Memory can be rather tricky, just like the telephone reference from the article, with time it can be misconstrued. When we replay a memory, our current surroundings, previous conversations and different idea could have altered the memory. As stated in the article by Chabris and Simons, one cannot remember the exactness of the memory and reiterate it later on as it occurred. Any event, conversation or idea can throw the memory off. For example when Hillary Clinton stated that she welcomed under sniper fire in Bosnia but was actually welcomed by children. The surrounding event could have led her to alter the memory and remember it as that. Or, taking into account the example of eye witness testimony, over time what the person claims he/she saw might have changed slightly over time, which is why the first statement is the most important.
In reality, as expressed by the article, we can unknowingly alter our memories. The brain is very powerful and we can trick ourselves into creating memories and even distorting them.
As authors throughout this article, Chabris and Simons emphasize their points with facts studies, examples, dates, statistics and names of important people. Their point is to inform the reader and elaborate why we should rely less on memory and more on actual facts and how our memory actually does fail us. Examples such as Niel Degrasse Tyson and George W. Bush; the film Roshoman and the TV series The Affair; witness recollections; the study of psychologists Henry L. Roediger III and K. Andrew DeSoto; the telephone experiment; as well as others serve as strong arguments as to why we shouldn’t just rely on our memory. The logos appeal to persuasion actual left me thinking how my memory is not as good as I initially thought. When I think of a memory, I believe it to be exactly as it happened. However, after reading the article I know believe I, myself, may have altered my memories.
Thus, after analyzing and reading through the article, the comment section verified some of my thoughts, making me feel like I was not the only one thinking a certain way. The top three picks summarized how Neil Degrasse Tyson has flawed memories, George W.Bush did not have the best track record for being an intelligent man and lastly, the belief that memory can be unintentionally altered without actual malice.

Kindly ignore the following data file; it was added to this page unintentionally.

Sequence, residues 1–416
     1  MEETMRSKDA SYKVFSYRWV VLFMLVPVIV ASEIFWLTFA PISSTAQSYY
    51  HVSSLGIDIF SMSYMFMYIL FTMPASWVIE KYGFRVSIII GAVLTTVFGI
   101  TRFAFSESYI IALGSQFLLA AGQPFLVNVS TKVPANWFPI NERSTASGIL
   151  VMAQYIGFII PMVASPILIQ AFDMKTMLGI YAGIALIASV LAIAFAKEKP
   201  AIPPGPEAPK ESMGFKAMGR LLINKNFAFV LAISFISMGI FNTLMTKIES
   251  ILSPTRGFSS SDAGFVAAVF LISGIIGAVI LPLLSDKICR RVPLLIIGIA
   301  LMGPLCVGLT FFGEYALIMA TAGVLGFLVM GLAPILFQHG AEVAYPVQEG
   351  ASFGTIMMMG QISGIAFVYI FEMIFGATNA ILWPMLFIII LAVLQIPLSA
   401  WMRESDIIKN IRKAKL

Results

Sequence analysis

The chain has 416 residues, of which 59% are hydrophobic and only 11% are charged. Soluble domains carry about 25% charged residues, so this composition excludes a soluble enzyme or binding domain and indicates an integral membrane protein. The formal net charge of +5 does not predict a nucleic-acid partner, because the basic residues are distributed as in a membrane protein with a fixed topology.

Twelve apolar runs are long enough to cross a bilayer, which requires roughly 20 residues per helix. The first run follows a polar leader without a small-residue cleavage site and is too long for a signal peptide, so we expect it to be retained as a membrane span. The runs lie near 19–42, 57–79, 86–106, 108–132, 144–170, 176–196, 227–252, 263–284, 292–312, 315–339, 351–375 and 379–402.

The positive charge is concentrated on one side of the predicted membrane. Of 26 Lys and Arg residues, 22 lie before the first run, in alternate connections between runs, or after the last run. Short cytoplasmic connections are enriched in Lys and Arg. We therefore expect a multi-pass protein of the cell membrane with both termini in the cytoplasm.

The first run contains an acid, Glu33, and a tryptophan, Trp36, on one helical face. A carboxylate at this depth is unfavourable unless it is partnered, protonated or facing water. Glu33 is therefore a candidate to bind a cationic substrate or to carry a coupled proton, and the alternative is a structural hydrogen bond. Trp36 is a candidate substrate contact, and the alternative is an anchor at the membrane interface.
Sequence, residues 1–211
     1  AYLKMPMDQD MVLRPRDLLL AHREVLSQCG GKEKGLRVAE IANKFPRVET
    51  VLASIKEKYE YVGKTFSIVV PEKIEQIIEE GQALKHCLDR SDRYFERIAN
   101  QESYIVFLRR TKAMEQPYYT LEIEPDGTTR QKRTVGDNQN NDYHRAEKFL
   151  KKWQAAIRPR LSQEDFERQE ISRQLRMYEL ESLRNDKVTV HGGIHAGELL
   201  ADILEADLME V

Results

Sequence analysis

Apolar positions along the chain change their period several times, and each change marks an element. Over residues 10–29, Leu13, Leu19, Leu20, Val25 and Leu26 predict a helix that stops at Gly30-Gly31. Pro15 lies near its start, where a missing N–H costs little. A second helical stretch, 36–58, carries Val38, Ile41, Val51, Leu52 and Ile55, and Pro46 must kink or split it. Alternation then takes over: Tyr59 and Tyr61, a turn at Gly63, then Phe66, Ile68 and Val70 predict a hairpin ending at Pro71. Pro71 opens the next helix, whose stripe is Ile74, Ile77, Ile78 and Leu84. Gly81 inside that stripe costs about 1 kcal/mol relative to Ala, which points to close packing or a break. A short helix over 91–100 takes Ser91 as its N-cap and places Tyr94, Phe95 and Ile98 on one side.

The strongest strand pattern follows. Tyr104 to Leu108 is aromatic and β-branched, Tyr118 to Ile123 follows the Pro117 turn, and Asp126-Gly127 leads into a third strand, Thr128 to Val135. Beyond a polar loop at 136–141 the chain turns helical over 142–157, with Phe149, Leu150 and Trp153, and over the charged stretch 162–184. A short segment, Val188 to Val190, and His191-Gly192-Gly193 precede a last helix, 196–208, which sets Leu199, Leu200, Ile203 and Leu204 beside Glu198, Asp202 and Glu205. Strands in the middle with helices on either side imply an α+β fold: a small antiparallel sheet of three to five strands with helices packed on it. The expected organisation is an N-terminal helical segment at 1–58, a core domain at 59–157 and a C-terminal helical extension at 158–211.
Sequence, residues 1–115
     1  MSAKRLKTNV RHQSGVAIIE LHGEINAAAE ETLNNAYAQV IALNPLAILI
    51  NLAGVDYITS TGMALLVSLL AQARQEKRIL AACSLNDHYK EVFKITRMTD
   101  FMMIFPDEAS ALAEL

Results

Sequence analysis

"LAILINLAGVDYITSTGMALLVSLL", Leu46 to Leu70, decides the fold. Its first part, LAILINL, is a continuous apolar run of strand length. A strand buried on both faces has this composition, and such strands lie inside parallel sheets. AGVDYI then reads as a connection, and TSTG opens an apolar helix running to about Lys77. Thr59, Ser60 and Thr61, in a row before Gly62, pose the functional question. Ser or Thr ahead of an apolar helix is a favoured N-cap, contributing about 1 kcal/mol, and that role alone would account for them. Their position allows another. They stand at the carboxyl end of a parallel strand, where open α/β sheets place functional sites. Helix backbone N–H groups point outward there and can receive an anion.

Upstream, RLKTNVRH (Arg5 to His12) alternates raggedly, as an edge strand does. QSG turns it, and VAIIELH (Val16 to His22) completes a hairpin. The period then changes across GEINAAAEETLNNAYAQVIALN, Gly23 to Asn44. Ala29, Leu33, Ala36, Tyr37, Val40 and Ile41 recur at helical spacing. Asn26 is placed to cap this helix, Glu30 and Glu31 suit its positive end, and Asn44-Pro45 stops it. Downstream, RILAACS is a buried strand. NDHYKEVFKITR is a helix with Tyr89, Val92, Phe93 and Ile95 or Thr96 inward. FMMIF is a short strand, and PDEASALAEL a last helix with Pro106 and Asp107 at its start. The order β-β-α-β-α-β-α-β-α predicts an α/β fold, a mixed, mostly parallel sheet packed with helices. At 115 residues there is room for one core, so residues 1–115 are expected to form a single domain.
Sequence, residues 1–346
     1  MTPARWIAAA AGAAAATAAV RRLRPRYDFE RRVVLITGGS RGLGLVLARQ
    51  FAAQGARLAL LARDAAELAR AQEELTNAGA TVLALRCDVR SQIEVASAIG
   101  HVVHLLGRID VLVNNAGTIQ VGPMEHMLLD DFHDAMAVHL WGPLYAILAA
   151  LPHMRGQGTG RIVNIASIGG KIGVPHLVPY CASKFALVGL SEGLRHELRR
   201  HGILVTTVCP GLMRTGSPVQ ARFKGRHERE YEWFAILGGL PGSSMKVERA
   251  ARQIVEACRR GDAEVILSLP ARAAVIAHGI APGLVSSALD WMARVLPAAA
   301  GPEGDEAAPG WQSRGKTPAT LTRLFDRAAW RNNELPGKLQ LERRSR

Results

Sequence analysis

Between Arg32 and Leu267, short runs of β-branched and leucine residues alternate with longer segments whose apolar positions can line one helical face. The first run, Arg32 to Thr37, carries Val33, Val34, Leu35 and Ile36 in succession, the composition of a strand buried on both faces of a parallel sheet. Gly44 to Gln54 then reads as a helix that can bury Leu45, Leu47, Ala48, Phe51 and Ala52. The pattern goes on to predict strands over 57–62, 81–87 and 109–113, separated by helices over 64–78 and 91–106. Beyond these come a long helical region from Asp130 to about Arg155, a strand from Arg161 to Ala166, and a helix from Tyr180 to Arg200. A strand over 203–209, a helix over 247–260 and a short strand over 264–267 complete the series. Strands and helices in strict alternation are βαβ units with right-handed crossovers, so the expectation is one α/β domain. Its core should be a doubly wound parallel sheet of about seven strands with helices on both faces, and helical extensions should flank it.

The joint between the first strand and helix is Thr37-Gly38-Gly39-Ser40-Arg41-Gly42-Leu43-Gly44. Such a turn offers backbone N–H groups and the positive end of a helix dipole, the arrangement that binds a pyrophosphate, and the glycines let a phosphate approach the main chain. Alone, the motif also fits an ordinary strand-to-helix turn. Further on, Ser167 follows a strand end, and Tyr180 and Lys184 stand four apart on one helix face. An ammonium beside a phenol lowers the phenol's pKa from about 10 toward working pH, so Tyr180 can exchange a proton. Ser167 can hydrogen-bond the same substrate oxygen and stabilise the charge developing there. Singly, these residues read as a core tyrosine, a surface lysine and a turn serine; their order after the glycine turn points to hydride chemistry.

The top three comments dug a little deeper into the previous scenarios of the main example; Neil Degrasse Tyson and George W. Bush. The other comment emphasized that flawed memory isn’t, and one likes to believe, is on purpose.
However, when you compare the top three readers picks with the top three New York Times picks, they do differentiate. Based on my observation, the New York Times picked comments that directed their writing to the article as whole. While the Reader’s Picks focused on specific points each commentator felt strongly about.
The ranking of the comments is effective in the sense that the reader can expand their train of thought with other reader’s opinions. Is it effective? In my opinion, no. Regardless of picks, I will choose to read what stands out to me. Also, if I feel an article can be clarified or other opinions will benefit my understanding, then yes. If not then I won’t think twice about comment sections